10 Things To Do Before You Get Snowed In

If you live in the country, and especially on a ranch, it's never too early to think about winterizing. For those of us who are in the Northwest, beginning of October can bring first snows for sure. So, here are 10 things to do before those snowflakes start flying.

Tom turkeys on a snowy country road

  •  Make sure emergency supplies are within easy reach. Outfit your home and barn with essential supplies such as flashlights, extra batteries, fuel for generators, a cell phone car charger, and a battery powered radio. That also includes making sure your propane tank is full and your winter time tools and equipment are in working order and handy 'cause it's better to be prepared for being snowed in and a power outage than to find yourself scrambling when the emergency hits.
  • Stock up on hay. Horses are hearty eaters to the tune of about 600 pounds of hay per month for a 1000 pound horse. So, it's important you have enough on hand to keep your equine buddies fed if you get snowed in. Also, make sure to store that hay in a clean, dry, and convenient area.
  • Keep water in livestock tanks from freezing. Livestock need a lot of water in the winter - eating snow is not nearly enough. Thankfully, there are some fairly inexpensive ways to keep their water from freezing, so do some research and do whatever you need to do before temperatures drop.
  • Make sure you've provided some kind of dry shelter for your animals. If you already have shelters and sheds, make it a point to inspect them to confirm no repairs are needed before winter hits.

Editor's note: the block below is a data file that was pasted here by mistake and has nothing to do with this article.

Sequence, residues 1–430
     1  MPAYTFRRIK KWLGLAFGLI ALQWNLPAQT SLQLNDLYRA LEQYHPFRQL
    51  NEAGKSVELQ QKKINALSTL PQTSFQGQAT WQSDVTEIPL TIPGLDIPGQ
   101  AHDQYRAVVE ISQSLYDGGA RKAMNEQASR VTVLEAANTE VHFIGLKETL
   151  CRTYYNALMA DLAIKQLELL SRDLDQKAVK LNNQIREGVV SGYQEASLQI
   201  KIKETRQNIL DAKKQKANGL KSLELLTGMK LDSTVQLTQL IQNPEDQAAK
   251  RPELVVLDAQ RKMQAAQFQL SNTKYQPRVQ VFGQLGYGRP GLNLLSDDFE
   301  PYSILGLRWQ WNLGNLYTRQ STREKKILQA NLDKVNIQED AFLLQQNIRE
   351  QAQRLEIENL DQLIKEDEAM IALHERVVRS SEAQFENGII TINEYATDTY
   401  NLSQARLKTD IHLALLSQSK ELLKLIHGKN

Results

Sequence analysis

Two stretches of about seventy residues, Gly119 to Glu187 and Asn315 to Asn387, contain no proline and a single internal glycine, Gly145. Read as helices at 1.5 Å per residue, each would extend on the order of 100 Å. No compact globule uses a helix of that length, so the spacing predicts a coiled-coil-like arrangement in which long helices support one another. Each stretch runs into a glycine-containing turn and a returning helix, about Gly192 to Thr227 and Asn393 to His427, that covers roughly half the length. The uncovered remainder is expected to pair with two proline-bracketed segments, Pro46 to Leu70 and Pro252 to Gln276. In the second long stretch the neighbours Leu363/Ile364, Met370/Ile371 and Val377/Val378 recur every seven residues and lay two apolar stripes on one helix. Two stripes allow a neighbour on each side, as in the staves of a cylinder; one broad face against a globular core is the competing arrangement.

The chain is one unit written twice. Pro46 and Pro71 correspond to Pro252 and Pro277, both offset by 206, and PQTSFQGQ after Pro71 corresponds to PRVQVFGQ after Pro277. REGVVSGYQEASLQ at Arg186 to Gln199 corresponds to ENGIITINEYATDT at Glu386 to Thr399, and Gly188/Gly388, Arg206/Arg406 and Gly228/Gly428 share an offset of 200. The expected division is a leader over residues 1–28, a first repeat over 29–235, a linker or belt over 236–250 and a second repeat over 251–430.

• Keep rodents at bay. Mice, voles, rats, and other rodents have a greater need for food during winter months too. Make sure they're not munching on your livestock feed. Use rodent-proof bins to keep all your supplemental feed, minerals, or grain in, and you'll be even better off if you also have barn cats to keep the pesky lil' critters in check.
  • Check and double-check your fences. This is especially important for those times when forecast calls for freezing rain. You don't want your livestock making their way out into the big, wide world when an ice storm hits.
  • Cover your plants. Plants don't need to die with the first frost, and you'd be surprised how long your fall garden can survive with a bit of row cover. This material is designed for the purpose of keeping the cold off the plants.
  • Get your house winter-ready. Stuff draft stoppers (or plain towels) under doors, calk your windows, install weatherstripping where needed, clean your chimneys or replace your furnace filter. Don't forget to stock up on food for yourself too.
  • Buy battery operated headlamps if you don't already have them. Winter days are short, and you'll be doing a lot of your chores in the dark. A headlamp will keep your hands free and your path lit in front of you while you tend to your animals in the dark.
  • Make sure your waterproof clothing and boots are still wearable. Also, check all the gloves, warm hats, and wool socks for signs of wear and tear, and either repair them or buy new ones before frost starts nipping at your nose, toes, and other body parts.

Oh, and one more thing before I forget... Get those holiday gifts early 'cause you probably won't be able to visit that local mom and pop store in person this year if 'rona continues to mess up everyone's plans as it's been doing so far. Here at Buckaroo Bling, we have plenty to choose from for that stylish cowgirl in your life. Check the few suggestions below, or head on over to our shop by clicking that big orange button.


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